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Dawn Patrol:

Checking out Surfing Heritage Foundation

February 25, 2010|By John Burton

This week I made my first visit to the Surfing Heritage Foundation’s location in South Coast Plaza.

It’s a unique combination of retail sore and museum that regularly hosts events for surfing related artists and authors. It opened hurriedly for the Christmas season and has undergone considerable remodeling since. It’s on the third floor of the west, Crate & Barrel/Macy’s wing on Bear St. When you enter you’ll find yourself in the retail shop that has an elegant selection of apparel, books, DVDs and specialty items. Randy Etherton, who was an owner of the Hobie retail operation, has done a great job of putting together SHF’s shop. The merchandise is all from hand-picked lines that you won’t find in mainstream stores.

Randy gave me a tour of the museum area as well. The SCP annex doesn’t have as many boards as the home museum in San Clemente, but I wasn’t at all disappointed. The first thing I noticed was one of the iconic planks from the Corona del Mar era, marked with the winged “V” logo of aircraft designer Gerry Vultee. Redwoods, a Simmons board, balsa pigs, early Malibu chips, classic 60s shapes, a Farrelly V-bottom, an early fish — they’re all there including a 70s wall with the original OP shorts, Quicksilver trunks, shirts and sunglasses to compliment the boards.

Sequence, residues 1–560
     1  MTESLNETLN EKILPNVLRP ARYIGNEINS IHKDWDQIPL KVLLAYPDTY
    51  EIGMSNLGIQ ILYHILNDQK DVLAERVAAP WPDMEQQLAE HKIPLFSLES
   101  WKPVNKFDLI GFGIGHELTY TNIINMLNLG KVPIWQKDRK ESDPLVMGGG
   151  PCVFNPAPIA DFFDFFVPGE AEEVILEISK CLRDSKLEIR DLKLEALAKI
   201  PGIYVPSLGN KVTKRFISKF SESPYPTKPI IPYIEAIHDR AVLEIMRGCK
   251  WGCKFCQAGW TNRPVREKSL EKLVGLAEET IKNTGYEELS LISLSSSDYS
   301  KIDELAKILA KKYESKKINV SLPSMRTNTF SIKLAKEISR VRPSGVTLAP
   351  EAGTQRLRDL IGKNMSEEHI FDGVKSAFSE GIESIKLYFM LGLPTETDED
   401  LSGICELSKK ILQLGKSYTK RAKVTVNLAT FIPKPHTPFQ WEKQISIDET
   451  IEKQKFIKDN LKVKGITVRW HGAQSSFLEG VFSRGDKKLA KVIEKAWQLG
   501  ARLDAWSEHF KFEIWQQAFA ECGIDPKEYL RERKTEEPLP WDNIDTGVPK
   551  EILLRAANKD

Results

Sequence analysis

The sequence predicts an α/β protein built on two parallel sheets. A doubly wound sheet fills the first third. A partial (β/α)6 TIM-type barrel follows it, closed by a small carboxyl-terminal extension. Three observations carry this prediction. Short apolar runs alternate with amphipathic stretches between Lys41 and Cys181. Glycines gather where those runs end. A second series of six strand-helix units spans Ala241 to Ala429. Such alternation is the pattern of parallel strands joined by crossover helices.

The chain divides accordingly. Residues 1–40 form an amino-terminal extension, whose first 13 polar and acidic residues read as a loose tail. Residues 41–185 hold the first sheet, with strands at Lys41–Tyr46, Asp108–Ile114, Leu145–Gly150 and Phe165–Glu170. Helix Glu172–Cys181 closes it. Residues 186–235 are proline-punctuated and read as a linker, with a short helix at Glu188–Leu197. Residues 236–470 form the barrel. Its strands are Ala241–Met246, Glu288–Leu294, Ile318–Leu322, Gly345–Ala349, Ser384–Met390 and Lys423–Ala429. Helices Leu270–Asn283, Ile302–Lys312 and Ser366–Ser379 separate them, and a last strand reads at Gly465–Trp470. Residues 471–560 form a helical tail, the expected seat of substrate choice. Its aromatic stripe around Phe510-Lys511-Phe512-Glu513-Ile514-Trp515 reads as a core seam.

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Not all the surfboards are old. There’s a display of new boards made by Gene Cooper ( www.cooperfishsurfboards.com) and they’re amazing. Each one is a unique work of art that defies description. High-gloss all-black, mind-boggling pinstripes, wild colors — even one board made from Agave. The shapes are as varied as the finishes, some reminiscent of classic models. Once a month, a Cooper board is put up for auction on E-Bay.

Some of the pros have donated boards so visitors can see what’s being ridden on the contest circuit. There’s a tow-in board from Mike Parsons and I was shocked by how short, thin and narrow it is. It has patches of lead weight chips stuck on parts of the deck to prevent chatter while screaming down 30-foot faces.

The museum can also boast of some beautiful photographs by Jason Murray, Al Merrick and Art Brewer.

Randy told me they host a book signing or artist’s showcase on a weekly basis. Some of the recent notables were Duke Boyd, Tom Morey and Mike Hynson.

SHF was started in 2000 when two collectors, Dick Metz and Spencer Croul, found themselves competing for rare boards and decided to combine forces.

The new SCP site is a convenient alternative to the somewhat remote south county museum, plus it has the retail store and is open every day. It’s a must-visit.

As a postscript to my last story about noted 80s shaper Peter Schroff’s re-launch of his surfboard company, I want to mention that sales are being handled at www.schroffsurboards.com.


JOHN BURTON’S surf column appears Fridays. He may be reached by e-mail at hot_dogger@mac.com.

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